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Posted by From JOE EFFIONG, Uyo on 2008/03/14 | Views: 1286 |


What is the name? Nothing, many would say. However, a member of Qua Iboe Church, the first indigenous church started by a Scottish, Rev. Samuel Bill at the bank of the oil-rich Qua Iboe River in the present day Akwa Ibom State, would not agree with this.

• Agitation for change of name tears Qua Iboe Church apart

What is the name? Nothing, many would say. However, a member of Qua Iboe Church, the first indigenous church started by a Scottish, Rev. Samuel Bill at the bank of the oil-rich Qua Iboe River in the present day Akwa Ibom State, would not agree with this.

Owing to controversy over a name, the 120-year-old Qua Iboe Church, with congregations spread all over Nigeria, is on the brink of extinction, except something is done, and urgently too.
How did a church, which had enjoyed more than 110 years of peaceful growth, suddenly find itself as a house divided against itself with a section answering Qua Iboe Church of Nigeria and the other answering Qua Iboe Church, Nigeria with something like United Evangelical Church as an appendix?

The Chairman of Qua Iboe Church Conference and general overseer of the mainstream section of the church, Rev. David Udoudom, explained this to Daily Sun thus: “Qua Iboe Church was founded in 1887, here in this state. I think you know that Akwa Ibom State is named after Qua Iboe Church. The Church came into existence 100 years before the creation of Akwa Ibom State in 1987. That was the year we celebrated our centenary. We gave birth to the state and we have been experiencing quietness in running the government; no ripples of any kind.

“But around 1990, there was a memo from the northern brothers that they want the name of the church to be changed to what they called United Evangelical Church. That crisis came to a high point in 2001 when we had our annual conference at Aba. In that conference, that administration decided that Qua Iboe Church should bear Qua Iboe Church/United Evangelical Church. Then most people said no; we cannot attach anything to our name or identity. We won’t go for additional name and we can’t change our name.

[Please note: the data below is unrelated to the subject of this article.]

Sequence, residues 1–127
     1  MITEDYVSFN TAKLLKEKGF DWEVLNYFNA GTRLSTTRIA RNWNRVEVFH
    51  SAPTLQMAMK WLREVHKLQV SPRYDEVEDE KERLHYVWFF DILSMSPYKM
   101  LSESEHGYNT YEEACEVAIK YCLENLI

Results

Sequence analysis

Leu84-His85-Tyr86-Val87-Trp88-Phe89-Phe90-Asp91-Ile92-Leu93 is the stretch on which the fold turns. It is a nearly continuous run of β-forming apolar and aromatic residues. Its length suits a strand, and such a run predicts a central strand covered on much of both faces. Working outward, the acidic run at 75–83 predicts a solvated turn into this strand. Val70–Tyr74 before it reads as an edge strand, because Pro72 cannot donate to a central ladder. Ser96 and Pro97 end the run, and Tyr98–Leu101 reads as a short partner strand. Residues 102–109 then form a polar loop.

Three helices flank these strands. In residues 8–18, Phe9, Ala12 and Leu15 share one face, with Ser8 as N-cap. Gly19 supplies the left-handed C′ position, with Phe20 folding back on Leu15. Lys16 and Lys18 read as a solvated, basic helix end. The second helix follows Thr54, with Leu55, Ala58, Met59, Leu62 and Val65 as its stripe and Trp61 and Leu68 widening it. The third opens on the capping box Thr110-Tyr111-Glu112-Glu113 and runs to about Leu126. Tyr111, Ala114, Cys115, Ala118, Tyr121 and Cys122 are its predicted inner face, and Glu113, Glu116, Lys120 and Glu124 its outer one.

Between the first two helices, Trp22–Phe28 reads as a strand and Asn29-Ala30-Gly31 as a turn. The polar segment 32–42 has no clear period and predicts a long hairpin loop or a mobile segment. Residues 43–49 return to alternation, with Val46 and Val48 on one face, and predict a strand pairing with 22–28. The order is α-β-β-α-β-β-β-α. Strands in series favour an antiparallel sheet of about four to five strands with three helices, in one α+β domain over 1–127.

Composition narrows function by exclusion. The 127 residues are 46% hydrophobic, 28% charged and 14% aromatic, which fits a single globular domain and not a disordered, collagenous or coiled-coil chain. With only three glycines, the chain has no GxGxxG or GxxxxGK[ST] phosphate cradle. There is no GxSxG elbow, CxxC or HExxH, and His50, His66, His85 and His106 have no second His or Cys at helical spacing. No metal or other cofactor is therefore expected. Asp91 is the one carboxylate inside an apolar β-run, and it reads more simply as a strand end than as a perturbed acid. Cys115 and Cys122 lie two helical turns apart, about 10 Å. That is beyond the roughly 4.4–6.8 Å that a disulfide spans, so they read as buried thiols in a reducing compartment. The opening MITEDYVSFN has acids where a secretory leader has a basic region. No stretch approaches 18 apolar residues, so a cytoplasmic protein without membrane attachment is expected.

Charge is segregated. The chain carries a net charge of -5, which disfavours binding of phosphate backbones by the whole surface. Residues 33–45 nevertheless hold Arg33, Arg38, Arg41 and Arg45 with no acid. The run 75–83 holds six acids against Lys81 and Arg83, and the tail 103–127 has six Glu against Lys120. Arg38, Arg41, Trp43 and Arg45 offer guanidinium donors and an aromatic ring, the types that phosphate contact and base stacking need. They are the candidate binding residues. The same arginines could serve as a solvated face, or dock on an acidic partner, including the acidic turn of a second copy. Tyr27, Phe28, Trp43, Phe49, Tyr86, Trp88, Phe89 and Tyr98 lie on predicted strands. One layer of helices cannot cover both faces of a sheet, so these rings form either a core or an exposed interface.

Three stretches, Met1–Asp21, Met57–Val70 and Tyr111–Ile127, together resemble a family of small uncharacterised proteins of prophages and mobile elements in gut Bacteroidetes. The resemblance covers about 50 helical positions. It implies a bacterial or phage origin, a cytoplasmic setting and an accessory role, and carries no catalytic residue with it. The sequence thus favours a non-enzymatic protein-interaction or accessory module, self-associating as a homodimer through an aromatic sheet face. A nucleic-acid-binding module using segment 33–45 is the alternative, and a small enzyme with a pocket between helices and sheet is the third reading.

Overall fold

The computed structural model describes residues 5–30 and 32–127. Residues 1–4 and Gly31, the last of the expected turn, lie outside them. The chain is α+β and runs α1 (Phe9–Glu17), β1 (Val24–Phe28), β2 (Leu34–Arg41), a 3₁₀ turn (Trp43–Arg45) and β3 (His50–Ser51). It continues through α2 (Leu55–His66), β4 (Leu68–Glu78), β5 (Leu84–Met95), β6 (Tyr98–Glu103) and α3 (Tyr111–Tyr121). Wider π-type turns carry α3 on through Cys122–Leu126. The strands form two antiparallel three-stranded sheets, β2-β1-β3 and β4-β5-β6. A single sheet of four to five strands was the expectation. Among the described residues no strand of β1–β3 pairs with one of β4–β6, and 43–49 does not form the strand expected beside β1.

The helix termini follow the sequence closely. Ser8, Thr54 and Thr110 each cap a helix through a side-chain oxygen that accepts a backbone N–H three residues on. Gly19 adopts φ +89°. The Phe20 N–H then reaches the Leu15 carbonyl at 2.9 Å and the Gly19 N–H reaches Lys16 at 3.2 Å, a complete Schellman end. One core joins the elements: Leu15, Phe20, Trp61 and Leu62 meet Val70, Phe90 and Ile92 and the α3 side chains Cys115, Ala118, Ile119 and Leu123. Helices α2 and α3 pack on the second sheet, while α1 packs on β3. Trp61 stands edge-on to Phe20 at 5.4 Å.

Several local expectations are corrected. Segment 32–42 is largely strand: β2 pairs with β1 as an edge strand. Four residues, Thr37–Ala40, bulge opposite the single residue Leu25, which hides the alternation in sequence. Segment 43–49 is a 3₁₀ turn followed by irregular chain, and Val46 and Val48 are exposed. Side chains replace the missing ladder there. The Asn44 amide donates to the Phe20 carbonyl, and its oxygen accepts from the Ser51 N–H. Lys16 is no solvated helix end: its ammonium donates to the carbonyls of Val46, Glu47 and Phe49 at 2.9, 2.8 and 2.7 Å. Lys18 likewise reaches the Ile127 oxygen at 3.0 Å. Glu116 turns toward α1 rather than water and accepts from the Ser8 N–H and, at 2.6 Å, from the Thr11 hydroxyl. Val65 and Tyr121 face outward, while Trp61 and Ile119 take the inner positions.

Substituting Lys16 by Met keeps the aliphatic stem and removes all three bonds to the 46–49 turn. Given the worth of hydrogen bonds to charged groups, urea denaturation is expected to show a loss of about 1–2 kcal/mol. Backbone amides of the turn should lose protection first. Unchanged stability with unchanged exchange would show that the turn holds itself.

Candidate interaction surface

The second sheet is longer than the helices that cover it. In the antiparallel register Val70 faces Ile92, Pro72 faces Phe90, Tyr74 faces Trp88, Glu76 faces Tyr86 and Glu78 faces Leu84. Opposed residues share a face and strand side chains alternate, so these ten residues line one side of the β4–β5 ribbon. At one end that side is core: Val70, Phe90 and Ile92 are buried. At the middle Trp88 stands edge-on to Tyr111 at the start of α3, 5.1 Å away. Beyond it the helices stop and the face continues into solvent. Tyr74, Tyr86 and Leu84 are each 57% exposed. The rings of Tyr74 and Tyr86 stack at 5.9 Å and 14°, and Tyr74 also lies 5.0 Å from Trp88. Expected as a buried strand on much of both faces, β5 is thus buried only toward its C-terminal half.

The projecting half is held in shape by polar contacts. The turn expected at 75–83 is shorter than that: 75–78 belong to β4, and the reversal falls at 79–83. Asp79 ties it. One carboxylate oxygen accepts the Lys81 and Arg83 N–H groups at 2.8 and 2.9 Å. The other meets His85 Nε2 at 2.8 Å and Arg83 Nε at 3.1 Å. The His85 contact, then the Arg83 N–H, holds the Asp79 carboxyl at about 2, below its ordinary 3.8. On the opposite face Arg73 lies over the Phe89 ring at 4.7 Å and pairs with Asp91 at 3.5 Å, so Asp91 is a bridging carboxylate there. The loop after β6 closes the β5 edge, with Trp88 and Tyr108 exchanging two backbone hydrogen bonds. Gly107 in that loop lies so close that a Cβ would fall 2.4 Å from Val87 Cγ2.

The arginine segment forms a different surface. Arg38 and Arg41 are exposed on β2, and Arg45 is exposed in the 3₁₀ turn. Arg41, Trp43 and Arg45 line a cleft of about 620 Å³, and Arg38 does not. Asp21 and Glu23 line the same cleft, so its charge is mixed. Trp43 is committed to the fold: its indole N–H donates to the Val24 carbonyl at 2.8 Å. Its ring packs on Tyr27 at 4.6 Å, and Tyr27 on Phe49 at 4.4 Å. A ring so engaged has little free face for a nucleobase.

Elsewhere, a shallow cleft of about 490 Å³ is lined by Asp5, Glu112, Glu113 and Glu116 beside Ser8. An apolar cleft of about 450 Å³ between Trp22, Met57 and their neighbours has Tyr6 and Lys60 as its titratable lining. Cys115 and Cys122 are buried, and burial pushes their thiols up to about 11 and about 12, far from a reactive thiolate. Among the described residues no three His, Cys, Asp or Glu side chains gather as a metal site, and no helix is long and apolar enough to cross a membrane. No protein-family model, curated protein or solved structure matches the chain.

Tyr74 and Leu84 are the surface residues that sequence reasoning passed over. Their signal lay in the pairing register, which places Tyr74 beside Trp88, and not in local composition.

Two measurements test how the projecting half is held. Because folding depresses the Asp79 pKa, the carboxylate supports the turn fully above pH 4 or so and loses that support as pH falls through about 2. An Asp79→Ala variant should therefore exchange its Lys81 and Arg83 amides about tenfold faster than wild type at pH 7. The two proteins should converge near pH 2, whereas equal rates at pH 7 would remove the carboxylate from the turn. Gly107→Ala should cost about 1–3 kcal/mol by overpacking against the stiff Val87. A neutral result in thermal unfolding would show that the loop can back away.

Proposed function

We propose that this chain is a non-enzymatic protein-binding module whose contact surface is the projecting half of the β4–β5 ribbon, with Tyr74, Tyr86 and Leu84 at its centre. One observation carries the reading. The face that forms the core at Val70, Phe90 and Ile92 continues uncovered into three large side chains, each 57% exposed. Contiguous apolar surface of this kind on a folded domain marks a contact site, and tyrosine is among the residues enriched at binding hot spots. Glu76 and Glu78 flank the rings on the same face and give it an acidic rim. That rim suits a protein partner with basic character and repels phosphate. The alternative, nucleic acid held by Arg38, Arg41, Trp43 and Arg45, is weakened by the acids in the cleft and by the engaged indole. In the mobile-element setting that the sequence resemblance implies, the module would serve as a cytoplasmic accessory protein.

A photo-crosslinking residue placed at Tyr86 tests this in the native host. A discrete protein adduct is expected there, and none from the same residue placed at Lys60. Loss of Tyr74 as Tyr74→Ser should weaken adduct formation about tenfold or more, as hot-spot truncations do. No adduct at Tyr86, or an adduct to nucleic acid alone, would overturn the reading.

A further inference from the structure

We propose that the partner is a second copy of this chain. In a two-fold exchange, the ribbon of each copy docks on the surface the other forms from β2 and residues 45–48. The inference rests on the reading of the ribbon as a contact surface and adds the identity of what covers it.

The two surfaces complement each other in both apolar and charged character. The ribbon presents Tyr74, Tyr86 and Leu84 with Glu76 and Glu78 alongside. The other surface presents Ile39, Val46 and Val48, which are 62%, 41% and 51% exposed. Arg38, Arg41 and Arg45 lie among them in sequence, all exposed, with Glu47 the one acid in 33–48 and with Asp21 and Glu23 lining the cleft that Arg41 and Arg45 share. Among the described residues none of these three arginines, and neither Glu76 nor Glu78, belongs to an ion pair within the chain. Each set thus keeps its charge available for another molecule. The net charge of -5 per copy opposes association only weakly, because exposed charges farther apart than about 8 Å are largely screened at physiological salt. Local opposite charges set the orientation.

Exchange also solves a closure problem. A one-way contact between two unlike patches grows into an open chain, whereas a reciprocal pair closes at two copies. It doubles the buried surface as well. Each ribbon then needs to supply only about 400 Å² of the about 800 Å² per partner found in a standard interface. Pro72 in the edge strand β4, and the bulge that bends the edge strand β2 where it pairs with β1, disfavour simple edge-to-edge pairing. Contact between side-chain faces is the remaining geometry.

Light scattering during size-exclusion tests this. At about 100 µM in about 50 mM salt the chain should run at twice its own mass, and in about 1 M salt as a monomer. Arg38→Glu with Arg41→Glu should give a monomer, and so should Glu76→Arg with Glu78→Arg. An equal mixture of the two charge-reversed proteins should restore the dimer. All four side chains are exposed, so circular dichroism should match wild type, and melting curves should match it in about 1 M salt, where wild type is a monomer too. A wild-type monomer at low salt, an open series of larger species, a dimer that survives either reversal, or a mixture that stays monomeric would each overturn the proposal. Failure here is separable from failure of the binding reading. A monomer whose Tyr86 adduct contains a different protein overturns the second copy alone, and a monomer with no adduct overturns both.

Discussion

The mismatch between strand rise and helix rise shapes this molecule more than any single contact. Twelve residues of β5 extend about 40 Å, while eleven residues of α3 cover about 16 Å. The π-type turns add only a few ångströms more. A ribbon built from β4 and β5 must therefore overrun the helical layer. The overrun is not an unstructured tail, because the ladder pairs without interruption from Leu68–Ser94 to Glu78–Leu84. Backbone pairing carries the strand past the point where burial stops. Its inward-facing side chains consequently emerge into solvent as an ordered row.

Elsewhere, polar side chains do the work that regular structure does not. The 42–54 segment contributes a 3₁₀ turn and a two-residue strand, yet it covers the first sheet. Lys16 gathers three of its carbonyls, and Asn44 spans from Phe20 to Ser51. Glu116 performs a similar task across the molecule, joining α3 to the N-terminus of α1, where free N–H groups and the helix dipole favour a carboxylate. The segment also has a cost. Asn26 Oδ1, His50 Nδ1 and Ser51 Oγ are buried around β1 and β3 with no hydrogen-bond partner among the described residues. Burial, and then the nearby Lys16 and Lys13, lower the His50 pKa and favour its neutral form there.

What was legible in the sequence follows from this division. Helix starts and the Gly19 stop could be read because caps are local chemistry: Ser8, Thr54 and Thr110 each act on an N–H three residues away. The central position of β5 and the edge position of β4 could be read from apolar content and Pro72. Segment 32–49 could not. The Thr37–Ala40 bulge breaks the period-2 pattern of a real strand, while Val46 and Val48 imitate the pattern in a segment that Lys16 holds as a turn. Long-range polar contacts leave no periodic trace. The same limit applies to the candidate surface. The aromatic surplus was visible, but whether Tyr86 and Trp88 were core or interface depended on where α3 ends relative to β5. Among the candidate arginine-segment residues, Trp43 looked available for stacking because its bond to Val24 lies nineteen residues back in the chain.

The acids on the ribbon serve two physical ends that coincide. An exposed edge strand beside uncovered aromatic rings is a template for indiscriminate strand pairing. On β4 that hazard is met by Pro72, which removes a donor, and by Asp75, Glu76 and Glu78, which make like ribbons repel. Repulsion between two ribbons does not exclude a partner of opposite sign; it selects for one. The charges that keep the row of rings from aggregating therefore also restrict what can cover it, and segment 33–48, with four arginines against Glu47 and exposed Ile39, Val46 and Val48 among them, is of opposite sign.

“That was December. By February 26, 2002, some people even went to Corporate Affairs Commission and placed a caveat that the name of the church should not be changed, other took the trustees to court that they shouldn’t change the name of the church. Those calling for the change created a parallel conference for themselves.

“Qua Iboe Church, as I know it, had been enjoying a peaceful existence and administration since 1887. There had never been power tussle. It had one conference chairman who would hand over to a duly and a constitutionally elected successor. Rev. Samuel Bill was the first chairman till 1930. He handed over to Rev. Wesgath, who later handed over to Rev. Ahunanya, who handed to another; till Rev. E. A. Ossom who took over in 1996 and handed over to me in 2004. I don’t know the person who handed the mantle of leadership to the other person who now calls himself the chairman or whatever.
“So, the genesis of the crisis is about change of name of the church. We don’t want to change the name. It is our God-given privilege. Even the oil base of this state is named after Qua Iboe, that is Qua Iboe Terminal.

It is a pity that even though so many are happy to draw the oil from Qua Iboe Terminal, they are very unhappy to talk about Qua Iboe Church, saying it was founded near the river; that it is idol worship; that it hinders evangelism. But if it hinders evangelism, why did we go up to the Igalas in 1928-1929 after the 1927 revival? Why did we go to the Igbo area?
“But the agitation for name change does not come from the North alone; even those from the South are equally agitating.

“You see, people don’t reason things alike. There are those who are somehow thought to think a new thing like the United Evangelical Church would do us good. But we don’t know what good that can do to us. You know, Esau in the Bible, sold his birthright, maybe, because he was hungry. He was looking for something he did not have. These people are looking for something they don’t have; that is why they want to sell their birthright which is not easy because we wouldn’t accept that.

Apart from the change of name, does the agitation also bother on your mode of worship?
Yes, the first time we heard about the mode of worship, which had to do with the clapping of hands, dancing, we resolved that since it is found in the Bible. But the issue was to somehow be extended to how the priest or the reverend pastor will dress. They were asking for a bishop that will put on big hat and wear big rope. But most people said no to that. Qua Iboe Church was called to be peculiar church that men should not wear cap to church and women should not keep their hair open according to the Bible. We don’t appreciate that aspect. So, it affected the nomenclature also.
It is said that at your 120th conference recently, you pronounced forgiveness to those erring members. Is there any possibility of resolving the problem soon?
As a church, we mean what we say. We’re willing to receive back any rebel that returns to the fold and we’re actually doing that even though they themselves would go and cure things like they did recently to beat up those who would want to return to the fold. We still play the role of a father and want to welcome our children back home.